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Insecticides Create More Insect Pests

Insecticides Create More Insect Pests


Methods are emerging which are saving bees, waterways and farmers incomes. A peer-reviewed study just published challenges many preconceptions about how food production systems are managed (https://peerj.com/articles/4428/) . The research, based in U.S. Northern Plains compared 40 regenerative versus conventional cornfields in terms of pest management, soil quality, yields and profit. Regenerative agriculture focuses on building soil health and fostering biodiversity while profitably producing nutrient dense food. Conventional cornfields were monocultures, with more focus on inputs, as is practiced on most cropping ground.

Key results found that insecticide treated cornfields had 10 times more insect pests than regenerative fields, which replaced insecticides with plant diversity. Regenerative cornfields were nearly twice as profitable as conventional cornfields, even though yields were reduced in the regenerative fields. The researchers found profit was correlated with the organic matter of the soil, not corn yields.

A series of workshops is on offer for land managers and food producers interested in learning tools and methods to adopt profitable regenerative practices in any sector. Following a 5 month workshop circuit in North America and Australia, Agroecologist, Nicole Masters, will be in New Zealand for a tour this April. “You can have your cake, and eat it too!” These practices help build healthy and productive landscapes which are resilient to the effects of a changing climate.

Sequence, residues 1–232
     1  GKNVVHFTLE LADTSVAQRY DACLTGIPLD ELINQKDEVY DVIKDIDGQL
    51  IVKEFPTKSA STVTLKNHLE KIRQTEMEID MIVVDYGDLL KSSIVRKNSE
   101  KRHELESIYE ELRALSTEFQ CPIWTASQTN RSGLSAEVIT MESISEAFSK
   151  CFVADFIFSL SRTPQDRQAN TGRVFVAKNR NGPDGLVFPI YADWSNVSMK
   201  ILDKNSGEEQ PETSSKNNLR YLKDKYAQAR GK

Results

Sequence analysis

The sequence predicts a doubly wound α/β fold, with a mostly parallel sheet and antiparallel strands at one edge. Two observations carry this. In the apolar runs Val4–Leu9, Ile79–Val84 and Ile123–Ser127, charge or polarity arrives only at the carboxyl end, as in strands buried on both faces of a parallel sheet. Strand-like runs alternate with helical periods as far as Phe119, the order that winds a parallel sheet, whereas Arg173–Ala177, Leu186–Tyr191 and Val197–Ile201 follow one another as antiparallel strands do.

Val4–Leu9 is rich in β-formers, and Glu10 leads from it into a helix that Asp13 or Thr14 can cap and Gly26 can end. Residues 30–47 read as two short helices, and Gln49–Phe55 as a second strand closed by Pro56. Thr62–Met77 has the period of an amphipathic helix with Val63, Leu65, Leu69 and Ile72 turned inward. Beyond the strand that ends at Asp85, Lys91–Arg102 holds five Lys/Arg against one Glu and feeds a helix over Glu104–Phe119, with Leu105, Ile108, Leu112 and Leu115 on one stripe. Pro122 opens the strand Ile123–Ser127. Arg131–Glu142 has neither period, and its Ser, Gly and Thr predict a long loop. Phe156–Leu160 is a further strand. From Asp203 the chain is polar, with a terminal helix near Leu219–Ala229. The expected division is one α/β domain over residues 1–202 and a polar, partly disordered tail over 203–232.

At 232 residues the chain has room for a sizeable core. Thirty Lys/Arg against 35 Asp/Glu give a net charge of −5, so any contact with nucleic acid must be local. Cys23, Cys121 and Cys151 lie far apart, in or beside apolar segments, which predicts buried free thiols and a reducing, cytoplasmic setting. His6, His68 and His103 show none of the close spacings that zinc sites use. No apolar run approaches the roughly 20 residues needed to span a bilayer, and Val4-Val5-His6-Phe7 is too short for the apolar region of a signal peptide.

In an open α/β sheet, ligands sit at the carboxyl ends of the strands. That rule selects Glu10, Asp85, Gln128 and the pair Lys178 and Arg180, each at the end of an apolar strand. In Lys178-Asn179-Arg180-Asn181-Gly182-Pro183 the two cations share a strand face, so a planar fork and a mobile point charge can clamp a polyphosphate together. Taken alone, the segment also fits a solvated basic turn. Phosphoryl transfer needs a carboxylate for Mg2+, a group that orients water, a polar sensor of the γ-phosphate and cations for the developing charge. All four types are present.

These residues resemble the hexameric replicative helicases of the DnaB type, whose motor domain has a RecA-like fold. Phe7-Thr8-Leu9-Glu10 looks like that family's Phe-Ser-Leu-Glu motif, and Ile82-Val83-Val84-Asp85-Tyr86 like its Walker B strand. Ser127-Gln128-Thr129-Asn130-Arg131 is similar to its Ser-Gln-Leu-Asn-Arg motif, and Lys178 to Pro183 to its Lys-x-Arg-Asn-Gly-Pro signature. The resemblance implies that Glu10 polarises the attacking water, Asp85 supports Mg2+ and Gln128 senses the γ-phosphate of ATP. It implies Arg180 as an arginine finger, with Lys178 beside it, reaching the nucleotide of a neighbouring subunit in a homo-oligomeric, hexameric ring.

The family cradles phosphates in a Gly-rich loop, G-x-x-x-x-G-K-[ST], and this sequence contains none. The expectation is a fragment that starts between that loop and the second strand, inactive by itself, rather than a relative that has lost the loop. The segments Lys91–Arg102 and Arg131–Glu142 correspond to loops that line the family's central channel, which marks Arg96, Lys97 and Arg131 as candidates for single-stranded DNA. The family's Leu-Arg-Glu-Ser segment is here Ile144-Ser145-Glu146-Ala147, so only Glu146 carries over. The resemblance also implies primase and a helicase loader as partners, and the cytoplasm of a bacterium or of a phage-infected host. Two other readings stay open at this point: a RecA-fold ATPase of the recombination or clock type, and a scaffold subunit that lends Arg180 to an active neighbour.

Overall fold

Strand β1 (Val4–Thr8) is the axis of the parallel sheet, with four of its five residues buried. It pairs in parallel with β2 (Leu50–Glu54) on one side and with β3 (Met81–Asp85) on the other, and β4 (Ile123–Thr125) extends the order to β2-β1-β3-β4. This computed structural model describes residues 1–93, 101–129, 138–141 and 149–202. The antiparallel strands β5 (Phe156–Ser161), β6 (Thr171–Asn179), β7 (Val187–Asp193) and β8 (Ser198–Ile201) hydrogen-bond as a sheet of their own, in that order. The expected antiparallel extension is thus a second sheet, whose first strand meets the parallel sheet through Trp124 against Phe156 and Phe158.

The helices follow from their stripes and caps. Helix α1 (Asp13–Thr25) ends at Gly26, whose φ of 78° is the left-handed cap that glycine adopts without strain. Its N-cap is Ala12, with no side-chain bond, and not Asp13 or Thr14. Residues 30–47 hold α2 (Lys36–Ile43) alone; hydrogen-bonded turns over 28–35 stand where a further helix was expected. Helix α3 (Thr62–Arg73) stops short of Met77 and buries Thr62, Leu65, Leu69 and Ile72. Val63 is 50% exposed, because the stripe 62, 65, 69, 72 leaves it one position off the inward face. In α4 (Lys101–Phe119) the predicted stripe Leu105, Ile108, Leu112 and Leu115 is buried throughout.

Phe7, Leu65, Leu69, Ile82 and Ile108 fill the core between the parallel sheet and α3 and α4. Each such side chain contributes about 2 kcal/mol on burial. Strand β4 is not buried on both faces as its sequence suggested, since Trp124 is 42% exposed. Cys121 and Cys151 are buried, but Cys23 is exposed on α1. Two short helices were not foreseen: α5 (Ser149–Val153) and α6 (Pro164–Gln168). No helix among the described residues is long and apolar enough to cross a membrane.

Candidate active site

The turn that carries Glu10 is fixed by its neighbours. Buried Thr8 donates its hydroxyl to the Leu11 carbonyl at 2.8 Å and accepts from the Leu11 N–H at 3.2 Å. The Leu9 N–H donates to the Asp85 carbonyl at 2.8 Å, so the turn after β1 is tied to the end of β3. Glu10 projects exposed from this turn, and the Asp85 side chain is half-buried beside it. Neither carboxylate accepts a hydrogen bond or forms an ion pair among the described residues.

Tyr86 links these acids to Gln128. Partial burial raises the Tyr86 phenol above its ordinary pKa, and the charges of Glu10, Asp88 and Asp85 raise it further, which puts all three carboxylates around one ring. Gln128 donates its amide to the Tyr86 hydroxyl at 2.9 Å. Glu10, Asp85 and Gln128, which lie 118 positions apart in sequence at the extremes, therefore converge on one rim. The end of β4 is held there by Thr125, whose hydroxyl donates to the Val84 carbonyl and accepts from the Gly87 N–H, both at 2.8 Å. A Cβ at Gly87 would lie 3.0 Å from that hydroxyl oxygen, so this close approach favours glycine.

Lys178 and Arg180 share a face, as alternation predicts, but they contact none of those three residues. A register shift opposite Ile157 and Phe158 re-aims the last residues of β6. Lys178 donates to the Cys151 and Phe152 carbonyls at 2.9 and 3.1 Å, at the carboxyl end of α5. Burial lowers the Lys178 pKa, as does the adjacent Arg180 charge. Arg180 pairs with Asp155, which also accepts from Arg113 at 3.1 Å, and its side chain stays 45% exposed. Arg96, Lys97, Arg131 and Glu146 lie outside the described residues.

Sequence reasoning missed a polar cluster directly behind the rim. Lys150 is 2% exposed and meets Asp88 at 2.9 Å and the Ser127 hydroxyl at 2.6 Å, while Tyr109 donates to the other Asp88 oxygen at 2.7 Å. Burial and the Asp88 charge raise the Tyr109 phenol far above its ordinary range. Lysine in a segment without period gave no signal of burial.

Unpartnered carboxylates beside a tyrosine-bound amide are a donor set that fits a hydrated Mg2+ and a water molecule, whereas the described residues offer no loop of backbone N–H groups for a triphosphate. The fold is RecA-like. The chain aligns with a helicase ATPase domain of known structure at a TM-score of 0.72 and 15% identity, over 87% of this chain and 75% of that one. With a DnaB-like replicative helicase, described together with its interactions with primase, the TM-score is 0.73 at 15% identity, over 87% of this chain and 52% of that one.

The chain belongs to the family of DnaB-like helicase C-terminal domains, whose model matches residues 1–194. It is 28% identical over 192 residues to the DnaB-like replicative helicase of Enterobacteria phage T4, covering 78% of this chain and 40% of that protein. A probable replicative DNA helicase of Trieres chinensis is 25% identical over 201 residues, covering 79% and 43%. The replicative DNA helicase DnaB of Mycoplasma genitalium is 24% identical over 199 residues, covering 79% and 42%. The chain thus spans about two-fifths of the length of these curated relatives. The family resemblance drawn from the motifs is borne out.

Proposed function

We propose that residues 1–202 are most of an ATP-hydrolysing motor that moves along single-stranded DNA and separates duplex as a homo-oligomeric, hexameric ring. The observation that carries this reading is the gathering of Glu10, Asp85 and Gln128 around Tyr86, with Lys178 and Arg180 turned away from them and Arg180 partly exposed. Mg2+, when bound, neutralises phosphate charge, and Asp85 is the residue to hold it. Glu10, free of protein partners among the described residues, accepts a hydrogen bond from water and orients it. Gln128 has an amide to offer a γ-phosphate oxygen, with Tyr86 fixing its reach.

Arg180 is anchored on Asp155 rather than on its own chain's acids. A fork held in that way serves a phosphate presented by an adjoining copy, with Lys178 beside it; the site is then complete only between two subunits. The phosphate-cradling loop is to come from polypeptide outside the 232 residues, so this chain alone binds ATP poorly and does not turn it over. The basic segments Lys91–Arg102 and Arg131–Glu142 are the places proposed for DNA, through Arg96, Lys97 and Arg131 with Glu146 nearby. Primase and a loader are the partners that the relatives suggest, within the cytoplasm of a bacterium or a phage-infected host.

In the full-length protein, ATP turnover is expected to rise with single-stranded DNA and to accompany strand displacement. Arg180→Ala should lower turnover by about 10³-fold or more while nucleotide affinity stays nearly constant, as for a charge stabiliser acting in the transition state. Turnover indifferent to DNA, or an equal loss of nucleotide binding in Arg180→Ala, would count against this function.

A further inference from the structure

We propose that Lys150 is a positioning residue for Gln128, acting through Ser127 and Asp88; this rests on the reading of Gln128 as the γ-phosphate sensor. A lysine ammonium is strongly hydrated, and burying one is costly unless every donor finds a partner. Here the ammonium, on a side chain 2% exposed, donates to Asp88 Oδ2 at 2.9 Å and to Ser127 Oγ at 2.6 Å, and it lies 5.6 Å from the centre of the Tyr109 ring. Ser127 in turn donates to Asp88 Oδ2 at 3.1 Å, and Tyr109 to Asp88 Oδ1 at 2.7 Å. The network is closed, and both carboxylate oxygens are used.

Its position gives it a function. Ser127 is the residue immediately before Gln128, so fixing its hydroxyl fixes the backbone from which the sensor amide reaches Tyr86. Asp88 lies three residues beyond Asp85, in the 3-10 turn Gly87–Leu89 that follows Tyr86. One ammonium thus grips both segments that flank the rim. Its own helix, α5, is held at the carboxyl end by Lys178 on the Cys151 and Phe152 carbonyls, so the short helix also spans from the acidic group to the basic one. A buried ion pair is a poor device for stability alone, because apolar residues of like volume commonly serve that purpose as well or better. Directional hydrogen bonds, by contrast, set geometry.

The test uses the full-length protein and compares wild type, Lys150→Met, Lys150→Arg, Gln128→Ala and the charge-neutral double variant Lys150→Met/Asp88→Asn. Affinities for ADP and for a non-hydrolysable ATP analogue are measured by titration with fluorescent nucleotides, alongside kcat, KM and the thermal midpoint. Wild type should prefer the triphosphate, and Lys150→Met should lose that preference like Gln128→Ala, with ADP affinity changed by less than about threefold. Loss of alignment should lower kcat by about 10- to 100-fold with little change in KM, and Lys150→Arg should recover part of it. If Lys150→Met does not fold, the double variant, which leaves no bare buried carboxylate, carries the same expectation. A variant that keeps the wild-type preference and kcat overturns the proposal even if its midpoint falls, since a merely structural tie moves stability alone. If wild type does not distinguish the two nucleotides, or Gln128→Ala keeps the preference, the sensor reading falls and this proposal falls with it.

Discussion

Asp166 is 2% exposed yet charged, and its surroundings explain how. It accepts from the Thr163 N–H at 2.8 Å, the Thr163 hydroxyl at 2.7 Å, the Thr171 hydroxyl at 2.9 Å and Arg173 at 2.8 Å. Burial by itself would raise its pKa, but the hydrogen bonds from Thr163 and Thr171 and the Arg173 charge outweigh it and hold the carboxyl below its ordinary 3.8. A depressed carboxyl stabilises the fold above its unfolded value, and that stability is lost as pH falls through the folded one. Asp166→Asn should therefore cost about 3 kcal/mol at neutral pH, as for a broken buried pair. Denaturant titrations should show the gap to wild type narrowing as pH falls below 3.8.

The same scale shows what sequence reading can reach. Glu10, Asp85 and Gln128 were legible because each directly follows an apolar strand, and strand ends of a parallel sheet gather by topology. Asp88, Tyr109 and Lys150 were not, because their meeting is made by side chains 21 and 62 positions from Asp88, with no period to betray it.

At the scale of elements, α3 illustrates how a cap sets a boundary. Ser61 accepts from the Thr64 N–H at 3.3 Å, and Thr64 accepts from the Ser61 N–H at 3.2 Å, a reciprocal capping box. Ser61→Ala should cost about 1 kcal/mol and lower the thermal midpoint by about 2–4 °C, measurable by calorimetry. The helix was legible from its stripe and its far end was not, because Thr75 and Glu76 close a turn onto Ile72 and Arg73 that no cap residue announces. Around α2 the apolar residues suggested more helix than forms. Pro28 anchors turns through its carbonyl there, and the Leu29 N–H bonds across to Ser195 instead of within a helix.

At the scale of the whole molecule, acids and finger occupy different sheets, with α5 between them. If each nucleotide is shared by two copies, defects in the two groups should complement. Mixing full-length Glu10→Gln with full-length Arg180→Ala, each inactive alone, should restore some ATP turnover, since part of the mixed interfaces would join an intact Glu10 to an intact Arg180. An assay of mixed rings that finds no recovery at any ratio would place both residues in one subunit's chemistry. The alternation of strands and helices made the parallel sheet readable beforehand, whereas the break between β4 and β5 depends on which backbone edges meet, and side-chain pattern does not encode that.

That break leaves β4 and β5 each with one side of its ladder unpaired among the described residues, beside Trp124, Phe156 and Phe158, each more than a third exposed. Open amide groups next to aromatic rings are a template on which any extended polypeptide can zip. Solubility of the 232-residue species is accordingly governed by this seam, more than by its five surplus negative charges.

With increasing concerns around climate pressures, water quality and legislation; farmers equipped with soil health practices and reduced inputs put themselves ahead of the game. “As far as I’m concerned” says Masters “the only risk is from not adopting soil health measures”.

Workshops and field trips will be held in Leeston, Canterbury, 5/6 April, Paengaroa, WBOP, 12/13 April, Esk Valley, HB, 19/20 April. The field trips will be held at Simon Osbourne’s Canterbury cropping operation; Te Arawa Farm, dairy operation, WBOP and Glenlands Farm in the HB, profiling long term cover crop and grazing success.

The days seek to target producers involved in food, fibre or forestry who may not be familiar with regenerative practices, demonstrating how achievable and profitable these techniques can be.

The cost for the 2 day workshop is $125. For further information on this event and to register, visit the Integrity Soils website,

www.integritysoils.co.nz/events

If you would like more information about this topic, please email

admin@integritysoils.co.nz.


ENDS

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